Adobe Acquitted of InDesign Copyright Violation

I’m planning on suing all the other sites on the Web that have the word “secrets” in them and that provide content using written words. No, not really, but sometimes it seems like you can sue for anything these days, at least in America. (Is that what has become of the “American Dream”?) That’s what I think of, at least, when I read this morning that Adobe has been acquitted (again) of any wrongdoing in a copyright violation case that was brought against it by Brookhaven Typesetting Services some years ago — a case which alleged that Adobe had violated Brookhaven’s copyright because Brookhaven owned some page-layout software written in the early 90′s called K2.

Now, I’m not a lawyer, though I like arguing law and getting self-righteous as much as the next guy. So here’s the quick version of the story: In the early 1990s, a company called Science Typographers (STI) comes up with a textbook publishing page-layout program that they call K2. They try to license it to Aldus, which already had a little page-layout program called PageMaker. STI even goes as far as to send Aldus their source code for their program. Unfortunately, STI goes out of business soonafter and the program ends up in Brookhaven’s hands. In 1998, Adobe announces that they’re working on some new page-layout program, codenamed K2. The codename was later shed in favor of a better name: InDesign.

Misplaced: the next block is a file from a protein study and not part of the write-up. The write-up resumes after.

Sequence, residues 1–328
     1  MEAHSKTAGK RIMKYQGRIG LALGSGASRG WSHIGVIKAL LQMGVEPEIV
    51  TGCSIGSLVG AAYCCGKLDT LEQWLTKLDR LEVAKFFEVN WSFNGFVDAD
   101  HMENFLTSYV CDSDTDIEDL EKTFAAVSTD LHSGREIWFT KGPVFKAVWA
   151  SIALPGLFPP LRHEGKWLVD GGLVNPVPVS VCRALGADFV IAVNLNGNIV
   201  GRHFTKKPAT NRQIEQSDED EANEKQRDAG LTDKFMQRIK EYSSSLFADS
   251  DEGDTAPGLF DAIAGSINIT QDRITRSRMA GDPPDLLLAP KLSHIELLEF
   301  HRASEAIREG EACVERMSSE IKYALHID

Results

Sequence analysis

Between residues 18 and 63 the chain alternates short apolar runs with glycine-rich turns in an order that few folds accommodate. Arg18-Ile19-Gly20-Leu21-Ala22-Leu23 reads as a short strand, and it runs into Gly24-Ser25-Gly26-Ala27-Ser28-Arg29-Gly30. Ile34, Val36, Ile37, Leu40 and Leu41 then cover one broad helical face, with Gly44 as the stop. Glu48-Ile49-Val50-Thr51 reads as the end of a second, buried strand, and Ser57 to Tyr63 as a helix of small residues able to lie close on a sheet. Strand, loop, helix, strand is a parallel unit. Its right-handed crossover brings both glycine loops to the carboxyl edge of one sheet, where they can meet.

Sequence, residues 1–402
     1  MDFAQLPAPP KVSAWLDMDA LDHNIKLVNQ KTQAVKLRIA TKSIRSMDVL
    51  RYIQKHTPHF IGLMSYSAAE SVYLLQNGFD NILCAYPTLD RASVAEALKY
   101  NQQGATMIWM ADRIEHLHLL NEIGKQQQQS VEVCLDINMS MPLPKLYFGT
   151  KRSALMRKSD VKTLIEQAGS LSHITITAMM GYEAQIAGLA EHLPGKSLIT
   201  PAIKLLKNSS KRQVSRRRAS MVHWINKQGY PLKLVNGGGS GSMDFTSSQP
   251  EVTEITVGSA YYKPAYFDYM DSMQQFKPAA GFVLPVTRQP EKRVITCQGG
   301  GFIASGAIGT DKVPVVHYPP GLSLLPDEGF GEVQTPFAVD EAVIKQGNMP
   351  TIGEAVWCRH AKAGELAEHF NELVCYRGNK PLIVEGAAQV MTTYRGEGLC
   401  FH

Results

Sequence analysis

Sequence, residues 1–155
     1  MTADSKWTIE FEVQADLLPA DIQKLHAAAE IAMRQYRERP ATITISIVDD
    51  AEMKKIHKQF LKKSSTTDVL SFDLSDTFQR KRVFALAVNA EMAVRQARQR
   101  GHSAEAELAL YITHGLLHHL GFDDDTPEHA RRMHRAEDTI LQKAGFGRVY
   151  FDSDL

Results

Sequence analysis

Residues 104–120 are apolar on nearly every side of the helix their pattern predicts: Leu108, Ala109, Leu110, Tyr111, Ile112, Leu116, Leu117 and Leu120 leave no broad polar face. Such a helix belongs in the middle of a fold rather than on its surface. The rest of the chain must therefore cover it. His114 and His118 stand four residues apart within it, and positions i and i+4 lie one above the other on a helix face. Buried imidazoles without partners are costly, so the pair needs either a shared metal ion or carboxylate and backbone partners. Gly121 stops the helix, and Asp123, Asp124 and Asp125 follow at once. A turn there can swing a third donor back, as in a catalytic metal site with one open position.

Brookhaven sued in 2001, saying that InDesign was not only a lot like their original program (it offered page-layout capabilities and could be used to lay out textbooks), but it also might offer long-document and science typesetting features someday. Six years later, Judge Ronald Whyte of the U.S. District Court for the Northern District of California granted a summary judgment in Adobe’s favor (you can read the judgement in this pdf, if you’re a masochist for that kind of thing), noting that expert witnesses who looked at the two programs’ source code saw zero similarities, and that Brookhaven could not demonstrate any significant unique copyrightable similarities between the two programs. Brookhaven appealed, and a few days ago, the U.S. Court of Appeals for the Ninth Circuit upheld the original decision.